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Baltimore 1978.

The pump regulated his breathing, almost in sync with the split-leaves of the alarm-clock, life companions alongside the yellowish round metal panel filled with rubber, which locked him from the neck down, flat, inside an iron lung.

The mirror above his face granted full view of the bedroom, but Jerry preferred the maps from around the world, his father had hung on the walls.

Thru a pane of square glasses he saw a bluebird on an oak tree, which in twenty years had outgrown his immobility and the main frame of the window. The plumage's dim color entailed a female, he thought, although bluebirds were not common in Baltimore.

After sunset, the bird flew away, leaving him asleep, whilst the whispery wind pushed the rain against the glass.

Three minutes passed midnight, a ray of moonlight found its way over two small hands massaging Jerry's forehead.

"Thanks mom," he murmured, half asleep. "Every night, I look forward to this moment."

The fingers moved to the back of the head, gently rubbing it, when suddenly, pulled Jerry's hair. He tried to open his eyes, but the eyelids didn't move. Heavy breathing landed over his face, and a smell of smoke and garlic entered the nostrils, down the stomach. The machine pushed the chest, intensifying the congestion of the esophagus and causing a regurgitation, which the supine position and the two hands holding the head still made impossible to cough out.

The hands released his head, and he sensed air back in the lungs. He kept his eyes shut, pretending to be in the middle of a bad dream. When he opened them, he saw a bald Dwarf with black gums, hanging from the mirror, upside down over his head.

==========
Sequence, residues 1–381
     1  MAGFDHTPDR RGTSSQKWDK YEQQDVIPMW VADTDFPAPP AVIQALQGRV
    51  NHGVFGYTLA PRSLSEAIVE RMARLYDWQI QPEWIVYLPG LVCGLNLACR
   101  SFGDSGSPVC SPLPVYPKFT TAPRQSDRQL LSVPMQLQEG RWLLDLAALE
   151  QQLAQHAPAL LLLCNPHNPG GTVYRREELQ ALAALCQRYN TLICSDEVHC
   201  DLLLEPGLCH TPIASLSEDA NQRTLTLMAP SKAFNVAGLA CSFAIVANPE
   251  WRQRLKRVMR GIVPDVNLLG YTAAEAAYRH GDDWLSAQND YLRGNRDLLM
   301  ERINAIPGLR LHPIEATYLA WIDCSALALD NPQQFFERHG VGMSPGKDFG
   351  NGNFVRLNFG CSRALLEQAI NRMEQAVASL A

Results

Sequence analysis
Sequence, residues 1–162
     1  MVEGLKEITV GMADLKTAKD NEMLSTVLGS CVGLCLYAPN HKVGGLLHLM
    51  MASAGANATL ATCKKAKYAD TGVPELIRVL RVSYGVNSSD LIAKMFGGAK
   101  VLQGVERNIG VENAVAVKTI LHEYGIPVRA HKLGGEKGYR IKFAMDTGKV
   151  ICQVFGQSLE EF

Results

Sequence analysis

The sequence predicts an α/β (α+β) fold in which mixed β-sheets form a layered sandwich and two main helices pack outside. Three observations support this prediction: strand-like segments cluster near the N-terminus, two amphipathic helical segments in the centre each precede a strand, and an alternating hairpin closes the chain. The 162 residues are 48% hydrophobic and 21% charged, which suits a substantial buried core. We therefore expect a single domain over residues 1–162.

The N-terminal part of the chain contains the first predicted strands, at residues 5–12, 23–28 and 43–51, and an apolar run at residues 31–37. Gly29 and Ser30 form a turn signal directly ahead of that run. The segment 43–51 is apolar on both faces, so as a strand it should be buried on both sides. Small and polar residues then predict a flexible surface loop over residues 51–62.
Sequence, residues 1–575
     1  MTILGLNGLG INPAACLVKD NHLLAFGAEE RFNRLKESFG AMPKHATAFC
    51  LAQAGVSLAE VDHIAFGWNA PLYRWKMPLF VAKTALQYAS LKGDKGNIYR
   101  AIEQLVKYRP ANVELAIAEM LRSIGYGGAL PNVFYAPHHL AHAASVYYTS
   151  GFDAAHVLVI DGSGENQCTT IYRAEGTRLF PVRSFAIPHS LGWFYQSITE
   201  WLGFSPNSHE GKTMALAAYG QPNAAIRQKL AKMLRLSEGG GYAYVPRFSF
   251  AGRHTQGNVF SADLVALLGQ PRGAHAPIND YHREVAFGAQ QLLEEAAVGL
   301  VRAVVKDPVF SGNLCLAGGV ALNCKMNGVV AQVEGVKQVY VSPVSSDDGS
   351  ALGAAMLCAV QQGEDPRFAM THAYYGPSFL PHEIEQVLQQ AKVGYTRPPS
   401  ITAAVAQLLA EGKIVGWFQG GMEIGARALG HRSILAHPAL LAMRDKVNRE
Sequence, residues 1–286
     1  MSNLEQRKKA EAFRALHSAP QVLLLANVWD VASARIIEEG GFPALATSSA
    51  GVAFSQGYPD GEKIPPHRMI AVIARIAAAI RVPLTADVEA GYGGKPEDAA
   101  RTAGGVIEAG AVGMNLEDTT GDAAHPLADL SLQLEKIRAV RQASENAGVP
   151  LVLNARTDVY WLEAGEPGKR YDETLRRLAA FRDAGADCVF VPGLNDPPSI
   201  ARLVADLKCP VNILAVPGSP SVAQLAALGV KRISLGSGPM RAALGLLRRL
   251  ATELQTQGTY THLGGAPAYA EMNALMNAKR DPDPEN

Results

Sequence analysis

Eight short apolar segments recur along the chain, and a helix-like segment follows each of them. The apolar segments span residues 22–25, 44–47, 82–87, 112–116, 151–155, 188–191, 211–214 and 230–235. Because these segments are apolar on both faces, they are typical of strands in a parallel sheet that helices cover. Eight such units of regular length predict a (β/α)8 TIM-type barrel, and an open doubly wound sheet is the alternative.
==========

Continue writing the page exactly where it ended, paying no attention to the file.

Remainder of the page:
"I will steal your breath and kill you little by little," the Dwarf giggled, his lips trembling with resentment. "By dawn, your soul will be mine, and your body stiff as a tombstone, even more than what you got used to," the creature threatened, cursing through missing teeth and laughing at Jerry's impossibility to move.

The gruesome midget's skin turned into red fire, his eyes blackened, matching the color of the mouth, in the shape of a skull. An evil laugh echoed, and Jerry was left alone, in the middle of the room, inside the pumping machine, immobilized.

Out of the window, a crow flew over the oak tree, tweeting Schubert's Ave Maria, revised as a ridiculing dirge at his expense; until the bluebird returned, forced the crow to leave, and reprised the melody in its classical version.

Jerry felt blood running through the veins, his muscles reinvigorated, and he began breathing without having to follow the pace of the pump. The bluebird's eyes, locked on him, had become a pair of woman's eyes, whose glance cracked the machine and crushed the metal into pieces in a matter of seconds, providing Jerry an unprecedented strength and a compelling craving to move.

His bare feet touched the carpeted floor, and he realized he was at least 6.2 foot tall. Looking at everything from a vertical angle was more destabilizing than the actual lack of balance on his feet. His muscles were well defined throughout the body, under a pajama of the Houston Oilers the team had given to him as a gift, a few months earlier.

The team's chaplain, Father Luigi Contini, a longtime family friend, used to pay frequent visits to Jerry and his family every time he was on the East coast. That year, the Oilers played against the Colts a charity off season away game, and Father Contini thought it was a terrific opportunity to salute Jerry.

Jerry himself had grown some sort of stardom status and was often featured in the local and national news because many organizations favored being associated with him.

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